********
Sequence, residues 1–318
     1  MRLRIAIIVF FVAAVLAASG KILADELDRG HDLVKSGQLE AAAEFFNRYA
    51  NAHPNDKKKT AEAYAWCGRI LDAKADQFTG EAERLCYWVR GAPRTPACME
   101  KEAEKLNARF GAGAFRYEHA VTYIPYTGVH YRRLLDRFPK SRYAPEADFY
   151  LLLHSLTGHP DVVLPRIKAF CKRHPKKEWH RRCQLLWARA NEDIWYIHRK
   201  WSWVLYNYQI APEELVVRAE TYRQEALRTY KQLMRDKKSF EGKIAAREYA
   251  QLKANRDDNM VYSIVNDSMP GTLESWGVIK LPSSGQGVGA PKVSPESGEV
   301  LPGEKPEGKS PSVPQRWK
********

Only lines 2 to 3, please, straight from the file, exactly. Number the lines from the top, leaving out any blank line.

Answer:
     1  MRLRIAIIVF FVAAVLAASG KILADELDRG HDLVKSGQLE AAAEFFNRYA
    51  NAHPNDKKKT AEAYAWCGRI LDAKADQFTG EAERLCYWVR GAPRTPACME